The only reason they are still in business — and profitable — is that their Cd-Te technology outperforms silicon-based panels in hot climates, where utility-scale systems tend to get build.

    Cd-Te doesn’t match silicon’s efficiency otherwise so it makes no sense to use on residential rooftops and in most climates is a horrendous choice on commercial rooftops as well. But for utility-sized projects (or giant corporate projects like Volkswagen’s) it can make great sense.

  3. At some point, solar gets cheap enough for end users that the $/W number is unimportant. It no longer becomes the cost driver. How many know how much $/GB solid state memory or disk storage costs now, and who is the price leader, or how they’ve trended recently? Who cares? It’s cheap enough, time to move on to other issues like usability, ease of installation, integration with our other power scaffolds.

  4. Solar panels are down to $1/watt.
    But installation is stuck at $4/watt.

    It makes ZERO sense to install a lower efficiency panel using high dollar labor.

  5. Price per watt is one of the industry metrics, and it remains important for manufacturers and their customers. More importantly, we need more efficient solar panels. You think something that can convert less than a fifth of sunlight into electricity (this applies to most of the solar panels on the market today) is good enough?! We should invest in boosting the efficiency. Yet we are seeing more of that kind of work at large companies rather than startups because VCs don’t want to put money in solar manufacturing tech. That’s too bad.

  6. New technology is about to overtake these guys, 70% efficiency:
    http://phys.org/news/2013-02-patented-fabrication-technique-key-solar.html

  7. 20%+ module level efficiency (e.g. SunPower) is astonishingly good conversion efficiency for a 1-sun cell given all the loss mechanisms involved. Ucilia, if you do not understand this, you have no real business blogging about solar.

  8. @Really?: SunPower’s panels do have high efficiency for silicon panels. But it’s the exception at this point. Even then, the company is spending good money to drive up that efficiency number. You think it’s doing it just for fun? The rest of the silicon panel makers are producing panels at efficiencies that are mostly in the mid-teens. If you don’t understand why solar panel makers need to continue to improve their products’ efficiencies, then you need to do more reading.

    1. There is benefit in increasing efficiency, but it’s pretty small. And to be honest. it shouldn’t be mentioned much in the context of FirstSolar, which has no special track record on efficiency because Cd-Te is not an efficient technology.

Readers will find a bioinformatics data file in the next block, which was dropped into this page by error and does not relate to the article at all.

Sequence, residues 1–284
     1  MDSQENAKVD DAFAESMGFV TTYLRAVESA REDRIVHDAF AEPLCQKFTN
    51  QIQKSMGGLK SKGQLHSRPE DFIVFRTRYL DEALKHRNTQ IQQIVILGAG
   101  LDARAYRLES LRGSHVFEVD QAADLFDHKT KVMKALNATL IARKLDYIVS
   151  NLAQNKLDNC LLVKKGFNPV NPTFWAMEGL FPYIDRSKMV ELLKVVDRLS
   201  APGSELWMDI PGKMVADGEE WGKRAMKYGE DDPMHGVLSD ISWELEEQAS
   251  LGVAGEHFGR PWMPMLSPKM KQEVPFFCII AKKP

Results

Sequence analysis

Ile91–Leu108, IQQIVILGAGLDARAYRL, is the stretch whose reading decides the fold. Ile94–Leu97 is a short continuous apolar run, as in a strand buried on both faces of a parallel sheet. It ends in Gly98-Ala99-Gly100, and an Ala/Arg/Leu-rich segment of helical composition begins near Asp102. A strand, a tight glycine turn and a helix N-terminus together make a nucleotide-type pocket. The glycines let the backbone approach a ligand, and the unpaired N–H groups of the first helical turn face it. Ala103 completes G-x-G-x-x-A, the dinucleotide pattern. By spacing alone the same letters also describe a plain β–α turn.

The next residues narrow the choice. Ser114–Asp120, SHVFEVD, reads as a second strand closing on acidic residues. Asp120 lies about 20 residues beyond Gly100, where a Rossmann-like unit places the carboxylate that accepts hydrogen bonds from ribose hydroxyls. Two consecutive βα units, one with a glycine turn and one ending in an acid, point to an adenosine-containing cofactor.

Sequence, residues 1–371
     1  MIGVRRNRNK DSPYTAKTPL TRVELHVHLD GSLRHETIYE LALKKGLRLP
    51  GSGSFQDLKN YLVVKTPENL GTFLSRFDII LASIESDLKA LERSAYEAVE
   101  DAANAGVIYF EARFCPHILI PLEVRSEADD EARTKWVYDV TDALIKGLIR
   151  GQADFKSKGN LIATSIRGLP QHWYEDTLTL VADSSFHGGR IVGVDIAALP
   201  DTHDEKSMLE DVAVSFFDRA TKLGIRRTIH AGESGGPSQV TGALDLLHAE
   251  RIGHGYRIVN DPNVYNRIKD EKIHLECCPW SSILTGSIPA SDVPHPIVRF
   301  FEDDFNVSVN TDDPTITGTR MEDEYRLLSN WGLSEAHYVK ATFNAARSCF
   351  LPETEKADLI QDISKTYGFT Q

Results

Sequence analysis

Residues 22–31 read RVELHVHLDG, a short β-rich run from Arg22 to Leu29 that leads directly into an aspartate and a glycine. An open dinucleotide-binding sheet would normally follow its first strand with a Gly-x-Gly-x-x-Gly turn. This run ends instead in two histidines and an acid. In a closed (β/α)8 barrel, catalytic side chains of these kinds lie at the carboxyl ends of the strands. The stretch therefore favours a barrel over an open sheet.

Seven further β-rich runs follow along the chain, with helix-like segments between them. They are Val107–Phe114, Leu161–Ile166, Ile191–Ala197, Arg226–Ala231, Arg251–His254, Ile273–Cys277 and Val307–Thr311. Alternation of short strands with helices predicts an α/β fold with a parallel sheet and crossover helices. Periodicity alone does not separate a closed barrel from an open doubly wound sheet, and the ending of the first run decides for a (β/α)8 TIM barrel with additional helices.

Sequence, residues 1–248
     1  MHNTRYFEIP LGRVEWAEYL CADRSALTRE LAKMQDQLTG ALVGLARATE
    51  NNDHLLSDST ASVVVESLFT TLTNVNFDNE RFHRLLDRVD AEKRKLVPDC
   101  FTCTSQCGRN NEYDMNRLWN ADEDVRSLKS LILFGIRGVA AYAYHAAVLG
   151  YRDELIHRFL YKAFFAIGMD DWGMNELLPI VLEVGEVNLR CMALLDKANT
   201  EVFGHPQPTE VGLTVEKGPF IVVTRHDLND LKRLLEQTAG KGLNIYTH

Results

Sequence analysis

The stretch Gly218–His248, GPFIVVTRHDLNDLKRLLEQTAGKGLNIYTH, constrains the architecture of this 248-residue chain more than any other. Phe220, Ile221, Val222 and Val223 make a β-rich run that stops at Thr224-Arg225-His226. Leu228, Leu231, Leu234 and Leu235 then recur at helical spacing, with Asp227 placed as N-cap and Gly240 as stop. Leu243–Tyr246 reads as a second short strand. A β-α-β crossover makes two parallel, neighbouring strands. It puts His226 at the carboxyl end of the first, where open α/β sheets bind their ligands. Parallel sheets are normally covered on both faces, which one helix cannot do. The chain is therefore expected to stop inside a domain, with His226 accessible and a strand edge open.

The bottom line is that total system efficiency is interesting. $ / watt on panels matters but so does total # of panels. Really cheap, inefficient panels require big systems. The nice thing for residential and “corporate” (read: office park or big-box retail) solar is that 280-watt panels are now ubiquitous and 80 cents/watt. FirstSolar has nothing to sell to these markets — at all.

      FirstSolar’s entire business is predicated on selling the fact they offer “higher than silicon performance” over 25 degrees Celsius. Their claim is true, but their efficiency is still worse there. So they need more land to do this. Their cost / watt is nominally better (barely), but they require more land and more and maintenance to make it so. Their system engineering division gets them “project wins”, but that won’t continue for long unless they keep improving Cd-Te tech, so news like this article does matter.

      But they are still missing the other two legs of the tripod of solar deployment and are nowhere near being part of them with this.

      With all due respect, FirstSolar has fundamental long-term structural problems because of its technology bet. And unless it can push efficiencies into the high 20s, it will always be cut out of huge chunks of the market. And that’s a bad problem that silicon does not have. That in turn creates a scale economics problem that silicon does not have.

    2. @Ucilia – More reading, that’s pretty funny.

      My comment was towards the remark about 20% not being good enough. That’s a silly remark. 20% modules push the limits for silicon. It is incredible. At scale, at the right cost structure, I have no doubt that anyone who achieves this will dominate. Efficiency is just one of several levers. I don’t get too excited about 40% HCPV cells, for instance, because with the cost structure and optical / tracking losses it doesn’t pencil. Anyhow – champion cells are nice.

  9. @Mark: I don’t think you and I disagree about First Solar. It needs to improve its efficiency to better compete. But certainly efficiency isn’t the only way for it to do that. The company is competing on price per kilowatt-hour and offers EPC and power plant operational services. If it’s not able to do what it does better and cheaper than its rivals, then it’s not going to last long.

    By the way, there is an ongoing debate on what is the theoretical maximum efficiency for silicon, Cd-Te, CIGS, etc. I wrote about this a few years ago and interviewed Martin Green, a well known expert in Australia: http://www.greentechmedia.com/articles/read/how-efficient-can-solar-technology-get

  10. I just wonder about the environmental impact of large-scale manufacturing and disposal of cadmium telluride and whether in broad terms any increases in efficiency over silicon panels is worth the risk/costs associated with handling toxic materials.